Hear World War II veterans describe life and death
Serving from Iwo Jima to Normandy, the veterans in this audio-enhanced excerpt from "When We Went to War" describe wartime, life, death, courage and fear.
"When We Went to War" was published by The News-Gazette in 2001 to mark the 70th anniversary of the attack on Pearl Harbor.
The book was based on two special sections produced in 1994 - marking the 50th anniversary of D-Day. For those sections, News-Gazette reporters, led by Greg Kline and Phil Bloomer, interviewed more than 200 veterans and others about their experiences overseas and at home.
We recorded most of the interviews, and here for the first time is an excerpt from the book with audio added to the quotes from the veterans. (If you have the book, this excerpt is from pages 24 and 25, in chapter 3.)
We've also added a couple more excerpts that are similar in theme, in which soldiers relate anecdotes about being at war. Those are at the end of this section.
The interviews were recorded on cassette tape, often in the homes of the veterans, and digitized some time later. The text leaves the ages of the men as they were when they were interviewed in 1994.
A hand stuck out from beneath the frozen bodies in the snow, a wedding ring on its index finger, and recently married William Baumgartner, an Army engineer, wondered.
“You wondered just what was going to be next,” the 72-year-old rural Sullivan man said of that moment in Belgium in December 1944, toward the end of the Battle of the Bulge.
“In fact, you just lived from day to day wondering. ... You saw scads of bodies in the forests and around tanks and on the tanks, bodies laying around in the fields.”
Donald Nelson said he well remembers wondering too – “why some of us lived and some of us died.”
“Some people said it was God’s will,” said Nelson, 72, of Champaign, who also served in Europe.
“But it wasn’t God’s will that Wally should die, and Bob and Don should live,” he said. “It’s chance. Bullets don’t have names on them. The Germans didn’t care. We were targets. They were targets. War is a dehumanizing experience.”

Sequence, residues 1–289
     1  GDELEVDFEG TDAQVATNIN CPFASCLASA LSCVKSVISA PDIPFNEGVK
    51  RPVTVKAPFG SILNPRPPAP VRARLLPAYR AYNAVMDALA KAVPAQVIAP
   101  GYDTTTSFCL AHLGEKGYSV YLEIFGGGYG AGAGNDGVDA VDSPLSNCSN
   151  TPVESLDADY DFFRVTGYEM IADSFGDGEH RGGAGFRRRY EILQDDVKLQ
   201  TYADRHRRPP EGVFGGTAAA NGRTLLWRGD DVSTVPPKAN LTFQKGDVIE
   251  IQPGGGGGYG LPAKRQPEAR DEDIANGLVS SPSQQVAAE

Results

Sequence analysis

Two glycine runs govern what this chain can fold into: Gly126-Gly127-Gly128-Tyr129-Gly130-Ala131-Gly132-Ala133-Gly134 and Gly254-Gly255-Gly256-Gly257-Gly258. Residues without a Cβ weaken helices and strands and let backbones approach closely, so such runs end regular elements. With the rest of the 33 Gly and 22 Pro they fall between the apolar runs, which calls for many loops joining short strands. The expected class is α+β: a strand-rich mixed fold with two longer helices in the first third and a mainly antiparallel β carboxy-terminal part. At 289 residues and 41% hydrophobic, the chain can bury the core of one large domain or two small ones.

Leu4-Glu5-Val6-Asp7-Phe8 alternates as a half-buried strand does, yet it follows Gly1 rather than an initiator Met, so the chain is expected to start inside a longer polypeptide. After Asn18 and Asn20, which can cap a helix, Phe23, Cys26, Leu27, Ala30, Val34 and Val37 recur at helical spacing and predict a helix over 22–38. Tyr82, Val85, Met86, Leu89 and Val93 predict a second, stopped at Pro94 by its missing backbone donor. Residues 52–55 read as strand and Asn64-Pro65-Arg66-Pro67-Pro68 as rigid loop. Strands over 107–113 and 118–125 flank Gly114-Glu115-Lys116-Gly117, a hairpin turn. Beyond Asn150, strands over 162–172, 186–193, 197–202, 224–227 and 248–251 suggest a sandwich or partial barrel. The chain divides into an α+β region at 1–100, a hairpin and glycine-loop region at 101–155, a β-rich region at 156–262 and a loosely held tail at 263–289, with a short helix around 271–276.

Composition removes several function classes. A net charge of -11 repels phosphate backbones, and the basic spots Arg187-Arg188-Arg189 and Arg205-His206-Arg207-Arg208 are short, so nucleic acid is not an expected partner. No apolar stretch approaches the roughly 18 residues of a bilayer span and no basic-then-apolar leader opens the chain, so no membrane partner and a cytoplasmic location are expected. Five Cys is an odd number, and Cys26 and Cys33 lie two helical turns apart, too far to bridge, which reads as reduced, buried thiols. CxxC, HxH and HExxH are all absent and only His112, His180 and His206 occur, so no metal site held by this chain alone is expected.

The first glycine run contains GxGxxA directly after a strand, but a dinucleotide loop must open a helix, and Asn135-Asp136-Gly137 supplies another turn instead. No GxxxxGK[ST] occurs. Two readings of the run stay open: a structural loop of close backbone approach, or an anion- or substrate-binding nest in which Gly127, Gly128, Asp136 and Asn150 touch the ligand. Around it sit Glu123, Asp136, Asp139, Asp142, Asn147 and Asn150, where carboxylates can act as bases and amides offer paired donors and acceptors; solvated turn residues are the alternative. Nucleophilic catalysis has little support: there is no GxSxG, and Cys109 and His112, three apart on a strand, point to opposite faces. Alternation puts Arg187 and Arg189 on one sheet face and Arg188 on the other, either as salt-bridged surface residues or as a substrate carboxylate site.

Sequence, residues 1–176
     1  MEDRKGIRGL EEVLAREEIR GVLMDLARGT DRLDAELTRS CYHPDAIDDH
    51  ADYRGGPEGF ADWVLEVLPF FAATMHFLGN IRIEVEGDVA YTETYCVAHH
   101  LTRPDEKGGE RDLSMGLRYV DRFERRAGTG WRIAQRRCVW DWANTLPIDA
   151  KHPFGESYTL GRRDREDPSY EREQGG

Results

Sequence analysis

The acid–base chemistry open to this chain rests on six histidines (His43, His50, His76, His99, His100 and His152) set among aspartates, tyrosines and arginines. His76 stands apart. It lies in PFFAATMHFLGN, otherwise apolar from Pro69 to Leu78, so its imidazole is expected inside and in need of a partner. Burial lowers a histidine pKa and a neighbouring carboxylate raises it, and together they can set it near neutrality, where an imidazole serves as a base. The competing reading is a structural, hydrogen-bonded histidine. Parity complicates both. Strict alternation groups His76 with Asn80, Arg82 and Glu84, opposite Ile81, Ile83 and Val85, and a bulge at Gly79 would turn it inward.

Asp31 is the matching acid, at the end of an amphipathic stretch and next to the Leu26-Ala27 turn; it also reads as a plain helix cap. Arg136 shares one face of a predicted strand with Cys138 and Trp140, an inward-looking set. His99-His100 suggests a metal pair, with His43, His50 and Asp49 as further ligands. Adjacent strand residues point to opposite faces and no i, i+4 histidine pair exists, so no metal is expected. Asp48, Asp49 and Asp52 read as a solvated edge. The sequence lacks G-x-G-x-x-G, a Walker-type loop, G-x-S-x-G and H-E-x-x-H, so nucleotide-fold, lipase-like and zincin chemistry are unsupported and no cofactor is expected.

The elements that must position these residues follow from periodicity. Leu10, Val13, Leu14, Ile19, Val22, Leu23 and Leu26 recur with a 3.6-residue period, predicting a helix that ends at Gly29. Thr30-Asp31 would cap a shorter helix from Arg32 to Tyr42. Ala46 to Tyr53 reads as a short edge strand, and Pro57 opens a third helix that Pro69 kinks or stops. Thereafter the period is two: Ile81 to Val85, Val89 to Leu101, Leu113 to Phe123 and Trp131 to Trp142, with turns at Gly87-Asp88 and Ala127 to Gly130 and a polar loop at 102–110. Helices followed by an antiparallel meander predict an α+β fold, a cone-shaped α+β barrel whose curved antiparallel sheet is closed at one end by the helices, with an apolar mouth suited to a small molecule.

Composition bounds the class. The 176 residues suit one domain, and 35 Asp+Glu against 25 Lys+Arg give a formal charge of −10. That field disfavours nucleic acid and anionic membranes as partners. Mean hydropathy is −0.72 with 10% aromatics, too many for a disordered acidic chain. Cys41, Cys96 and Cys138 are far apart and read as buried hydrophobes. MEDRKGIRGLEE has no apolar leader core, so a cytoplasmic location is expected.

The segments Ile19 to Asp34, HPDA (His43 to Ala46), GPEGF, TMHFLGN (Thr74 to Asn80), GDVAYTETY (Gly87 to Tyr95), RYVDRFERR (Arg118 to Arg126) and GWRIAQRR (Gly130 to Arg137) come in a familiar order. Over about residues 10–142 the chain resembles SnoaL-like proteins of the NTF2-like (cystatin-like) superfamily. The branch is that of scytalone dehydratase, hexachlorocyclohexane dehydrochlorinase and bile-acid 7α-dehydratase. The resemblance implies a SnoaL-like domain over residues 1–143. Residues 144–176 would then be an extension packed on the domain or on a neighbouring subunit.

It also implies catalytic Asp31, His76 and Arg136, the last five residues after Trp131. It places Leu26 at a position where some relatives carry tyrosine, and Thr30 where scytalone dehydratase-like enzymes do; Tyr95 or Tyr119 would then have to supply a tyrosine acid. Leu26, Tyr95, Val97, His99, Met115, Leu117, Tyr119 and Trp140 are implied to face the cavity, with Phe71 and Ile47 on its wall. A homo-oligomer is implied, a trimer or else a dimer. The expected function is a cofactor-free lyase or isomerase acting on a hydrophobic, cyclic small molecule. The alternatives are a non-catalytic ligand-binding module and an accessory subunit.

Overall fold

Soldiers dealt with that reality in different ways.
Training was part of it.
“They conditioned us,” said Elmer Beachey, 70, of Champaign, who recalled how an artillery shell shaved off the head of a fellow Marine who was bringing him a hot breakfast on Iwo Jima.
“We were so hard. … We could have seen our own parents shot, probably, and it wouldn’t have bothered us. That’s how hard they conditioned us.”
Experience hardened them further.
Death became so commonplace, according to Orrin Gould of Champaign, “it was natural.”
“You just knew it was gonna happen to them or you or both,” said Gould, who served in the infantry in France. “We really didn’t even bother to learn the names of the replacements right away because we were pretty sure they’d be killed in two or three days.”
Some just ignored the notion that it could happen to them.
“You never really think you’re gonna get it,” said Richard Squire, 69, of rural Champaign, a B-17 bomber pilot in Europe. “You always think the other guy might.”
Something else – call it peer pressure, esprit de corps, pride – also kept them going.
“You’d be ashamed to not do it,” said Denzil Dees, 79, of Urbana, an Army lieutenant at the invasion of Normandy. “Everybody else is doing it. I can do it. Nobody chickens out.”
Most of them also had the advantage of youth. Some figure they were sent precisely because they were young and resilient.
“They picked 18-, 19-year-old kids because we didn’t have the sense to get scared,” said Bill Koester, 70, of Tolono, noting that he couldn’t buy a beer in Washington after his stint as a B-17 gunner.
Frank Elliott said he felt “real fortunate” that he “was 19 years old instead of 29, 39, or 49” during the war.
“It was maybe not as devastating as it would have been,” said Elliott, 69, of Rantoul, a B-24 pilot who operated from Italy. “The death of a friend now, just a natural death, affects me more than somebody’s then.”
Not everyone, though, could deal with the fear and death.
“Some people cracked, these guys screaming and acting crazy,” Nelson said. “They’re the ones who got sent home. Maybe they were the smart ones. The rest of us who managed to keep the discipline had to go clear on through.”
We've included two anecdotes in full from the men who lived them. They are in the book in very brief form.
In the first, Elmer Beachey, who fought on Iwo Jima, recalls how picking one bomb crater over another made the difference between life and death.
And in the second, Donald Nelson recalls facing the enemy on a Sunday morning in Normandy.